Page 12 "Why, it's Rincewind the wizard, isn't it?' [...]" Rincewind's name comes from 1924, when J. B. Morton took over the column 'By The Way' in the London newspaper, the Daily Express. He inherited the pseudonym 'Beachcomber' from his predecessors (the column had existed since 1917), but it wasn't long before the name became synonymous with his own work due to his astonishing output and success: Morton wrote the column six times a week for over 50 years, until 1965, when the column became a weekly feature, and continued to the last column in November 1975. Morton used an eccentric cast of regular characters in his sketches, which frequently caricatured self-important and highbrow public figures. One continual theme was the silliness of the law courts, featuring amongst others Mr Justice Cocklecarrot and the twelve Red-Bearded Dwarves. In one sketch, the names of those dwarfs were given as Sophus Barkayo-Tong, Amaninter Axling, Farjole Merrybody, Guttergorm Guttergormpton, Badly Oronparser, Cleveland Zackhouse, Molonay Tubilderborst, Edeledel Edel, Scorpion de Rooftrouser, Listenis Youghaupt, Frums Gillygottle, and, last but not least, Churm Rincewind. Pratchett said:

"I read of lot of Beachcomber in second-hand collections when I was around 13. Dave Langford pointed out the origin of Rincewind a few years ago, and I went back through all the books and found the name and thought, oh, blast, that's where it came from. And then I thought, what the hell, anyway."

Page 12 "Since the Hub is never closely warmed by the weak sun the lands there are locked in permafrost. The Rim, on the other hand, is a region of sunny islands and balmy days." This is a favorite debate among Discworld fans. On average, the sun is closer to the hub than the rim, so the hub would be warmer if it followed the same rules as Roundworld, but after all this is an imaginary world so Pratchett could create whatever rules he wanted. The Turtle Moves! section in Chapter 5 has more information about the physical aspects of the Discworld.

Page 16 "[...] found himself looking up into a face with four eyes in it." Four eyes is a derogatory term for someone who is wearing glasses, but on the covers of the first two Discworld books, Josh Kirby actually drew Twoflower with four physical eyes. Whether this was Pratchett's intended interpretation of Twoflower or Kirby visually playing with the whole idea the same way that Pratchett puns on concepts and popular ideas is unknown.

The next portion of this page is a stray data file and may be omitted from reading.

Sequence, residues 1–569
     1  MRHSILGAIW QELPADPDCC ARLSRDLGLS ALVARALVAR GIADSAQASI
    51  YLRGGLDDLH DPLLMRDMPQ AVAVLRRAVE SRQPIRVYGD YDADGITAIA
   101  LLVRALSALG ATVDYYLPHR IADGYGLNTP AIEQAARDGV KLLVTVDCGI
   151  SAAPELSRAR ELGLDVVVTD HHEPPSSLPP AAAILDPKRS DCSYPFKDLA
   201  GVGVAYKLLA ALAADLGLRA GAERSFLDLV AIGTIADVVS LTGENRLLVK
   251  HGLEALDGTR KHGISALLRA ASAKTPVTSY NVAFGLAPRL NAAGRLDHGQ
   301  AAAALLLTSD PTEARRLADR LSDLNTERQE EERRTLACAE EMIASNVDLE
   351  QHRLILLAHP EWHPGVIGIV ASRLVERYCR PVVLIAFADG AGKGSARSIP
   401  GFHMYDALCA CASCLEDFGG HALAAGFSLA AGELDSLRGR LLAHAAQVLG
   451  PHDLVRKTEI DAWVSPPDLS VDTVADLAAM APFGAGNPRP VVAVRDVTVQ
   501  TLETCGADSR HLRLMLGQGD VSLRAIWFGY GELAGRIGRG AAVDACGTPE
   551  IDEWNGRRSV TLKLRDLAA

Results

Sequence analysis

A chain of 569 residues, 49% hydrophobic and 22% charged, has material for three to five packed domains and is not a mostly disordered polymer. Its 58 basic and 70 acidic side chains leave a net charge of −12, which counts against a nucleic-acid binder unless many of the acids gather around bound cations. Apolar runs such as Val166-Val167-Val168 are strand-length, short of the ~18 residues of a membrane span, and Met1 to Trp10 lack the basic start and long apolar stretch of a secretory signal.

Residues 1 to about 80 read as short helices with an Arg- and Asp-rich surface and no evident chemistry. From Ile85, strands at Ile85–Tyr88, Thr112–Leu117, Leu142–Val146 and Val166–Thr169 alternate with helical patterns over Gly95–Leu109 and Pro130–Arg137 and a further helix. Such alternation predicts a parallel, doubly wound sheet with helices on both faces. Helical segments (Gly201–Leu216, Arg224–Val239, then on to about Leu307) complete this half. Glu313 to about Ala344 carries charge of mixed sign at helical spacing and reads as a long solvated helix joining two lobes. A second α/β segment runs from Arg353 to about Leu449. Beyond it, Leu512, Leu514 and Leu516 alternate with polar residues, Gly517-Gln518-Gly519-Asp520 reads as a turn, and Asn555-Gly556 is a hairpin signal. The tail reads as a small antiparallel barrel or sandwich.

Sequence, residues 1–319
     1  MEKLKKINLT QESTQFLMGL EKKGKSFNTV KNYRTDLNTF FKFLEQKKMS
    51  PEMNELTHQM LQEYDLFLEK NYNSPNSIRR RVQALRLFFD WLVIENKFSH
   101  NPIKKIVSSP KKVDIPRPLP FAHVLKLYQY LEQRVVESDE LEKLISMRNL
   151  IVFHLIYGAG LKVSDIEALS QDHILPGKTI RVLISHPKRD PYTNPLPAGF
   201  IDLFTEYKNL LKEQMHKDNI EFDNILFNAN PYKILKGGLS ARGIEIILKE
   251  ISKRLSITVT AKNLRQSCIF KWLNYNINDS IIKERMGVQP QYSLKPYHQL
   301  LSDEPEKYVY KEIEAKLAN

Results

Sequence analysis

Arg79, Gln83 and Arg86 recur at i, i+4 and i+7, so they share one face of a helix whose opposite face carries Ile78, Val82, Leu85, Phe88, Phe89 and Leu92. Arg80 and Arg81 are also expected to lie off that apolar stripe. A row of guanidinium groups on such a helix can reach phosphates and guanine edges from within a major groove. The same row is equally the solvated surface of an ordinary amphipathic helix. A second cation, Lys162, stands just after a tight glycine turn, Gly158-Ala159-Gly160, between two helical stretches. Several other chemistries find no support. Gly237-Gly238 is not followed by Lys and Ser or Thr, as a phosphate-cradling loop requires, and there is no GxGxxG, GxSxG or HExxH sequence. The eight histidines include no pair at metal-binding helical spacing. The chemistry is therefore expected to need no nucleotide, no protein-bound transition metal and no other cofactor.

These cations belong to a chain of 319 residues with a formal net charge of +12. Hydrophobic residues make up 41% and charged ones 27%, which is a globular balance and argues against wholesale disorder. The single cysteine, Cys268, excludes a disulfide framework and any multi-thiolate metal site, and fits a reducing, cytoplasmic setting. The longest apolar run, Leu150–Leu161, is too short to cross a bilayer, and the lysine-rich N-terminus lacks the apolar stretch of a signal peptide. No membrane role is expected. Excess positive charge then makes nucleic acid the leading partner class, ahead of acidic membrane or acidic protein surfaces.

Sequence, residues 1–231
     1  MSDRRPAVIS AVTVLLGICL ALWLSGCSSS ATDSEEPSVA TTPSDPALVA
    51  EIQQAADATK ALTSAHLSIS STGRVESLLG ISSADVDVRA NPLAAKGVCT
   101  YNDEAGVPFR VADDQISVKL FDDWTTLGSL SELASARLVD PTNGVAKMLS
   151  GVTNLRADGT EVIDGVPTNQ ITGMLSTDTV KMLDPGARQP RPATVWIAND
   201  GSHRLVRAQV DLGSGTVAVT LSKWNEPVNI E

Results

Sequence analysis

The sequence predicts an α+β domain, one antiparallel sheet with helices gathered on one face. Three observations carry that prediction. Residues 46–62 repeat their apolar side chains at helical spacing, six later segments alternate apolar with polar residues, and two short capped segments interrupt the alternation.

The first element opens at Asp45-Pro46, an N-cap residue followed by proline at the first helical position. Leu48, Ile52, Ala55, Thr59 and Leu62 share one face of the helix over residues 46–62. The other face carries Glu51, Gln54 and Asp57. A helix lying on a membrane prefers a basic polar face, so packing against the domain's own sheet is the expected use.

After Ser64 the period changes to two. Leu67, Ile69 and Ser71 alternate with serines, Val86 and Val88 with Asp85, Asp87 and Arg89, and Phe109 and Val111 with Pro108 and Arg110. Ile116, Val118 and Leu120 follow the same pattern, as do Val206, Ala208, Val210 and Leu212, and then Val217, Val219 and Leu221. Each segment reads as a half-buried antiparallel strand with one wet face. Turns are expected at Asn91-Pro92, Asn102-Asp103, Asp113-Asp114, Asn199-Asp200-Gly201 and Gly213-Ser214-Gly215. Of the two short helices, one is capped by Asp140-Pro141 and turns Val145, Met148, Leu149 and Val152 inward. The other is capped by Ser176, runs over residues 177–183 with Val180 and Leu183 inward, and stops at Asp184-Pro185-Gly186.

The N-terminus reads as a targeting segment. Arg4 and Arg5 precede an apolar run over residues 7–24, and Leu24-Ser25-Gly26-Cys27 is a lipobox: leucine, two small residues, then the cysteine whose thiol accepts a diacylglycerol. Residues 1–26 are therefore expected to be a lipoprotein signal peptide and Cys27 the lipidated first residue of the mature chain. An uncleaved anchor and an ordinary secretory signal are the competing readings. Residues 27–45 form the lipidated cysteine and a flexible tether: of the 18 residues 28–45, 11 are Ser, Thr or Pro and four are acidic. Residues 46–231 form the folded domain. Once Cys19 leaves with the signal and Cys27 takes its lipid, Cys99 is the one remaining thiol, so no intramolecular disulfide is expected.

Page 18 - The inn called 'The Broken Drum' is burned down in this book. The later Discworld novels all feature its replacement - 'The Mended Drum'. The novel Strata contains (on p. 35) an explanation of why you would call a pub 'The Broken Drum' in the first place: "You can't beat it".

Page 22 - The line "Some might have taken him for a mere apprentice enchanter [...]" suggests that Rincewind is a relatively young wizard and other references in the text point in the same direction. It is suggested that he was born in the year 1932 UC which makes him 32 in The Colour of Magic and 57 in The Last Hero. For some reason, all the cover artists and the 2008 TV movie The Colour of Magic depict him as an old wizard - at least in his sixties. Perhaps all his escapades and narrow escapes have made him look older than he is.

Page 22 "Unseen University, [...]", which becomes a fixture throughout the novels and is the name of the Discworld's premier scientific institution, is likely drawn from the 17th century Invisible College, formed by the secret organization of the Rosicrucians, whose members were called the Invisibles because they never dared to reveal themselves in public. The Invisible College was a conclave of scientists, philosophers and other progressive thinkers which, in later times and under Stuart patronage, became the Royal Society. In the Brief Lives arc of Neil Gaiman's The Sandman comic, Dream visits the Invisible College, where a scientist is happily dissecting a dead orangutan, a shout out to the librarian of Pratchett's university

Page 26 "If you mean: is this coin the same as, say, a fifty-dollar piece, then the answer is no." One might wonder why a British writer would use the dollar instead of the pound as the currency of Ankh-Morpork. Pratchett said: "The dollar is quite an elderly unit of currency, from the German 'thaler', I believe, and the use of the term for the unit of currency isn't restricted to the US. I just needed a nice easy monetary unit and didn't want to opt for the 'gold pieces' cliché. Sure, I live in the UK, but I haven't a clue what the appropriate unit of currency is for a city in a world on the back of a turtle.

Page 28 "Barely two thousand rhinu." 'Rhino' is a very old British slang word for money stemming from the 1600s. Some think it relates to the phrase 'to pay through the nose', since 'rhinos' means 'nose' in Greek but there is no evidence to support this.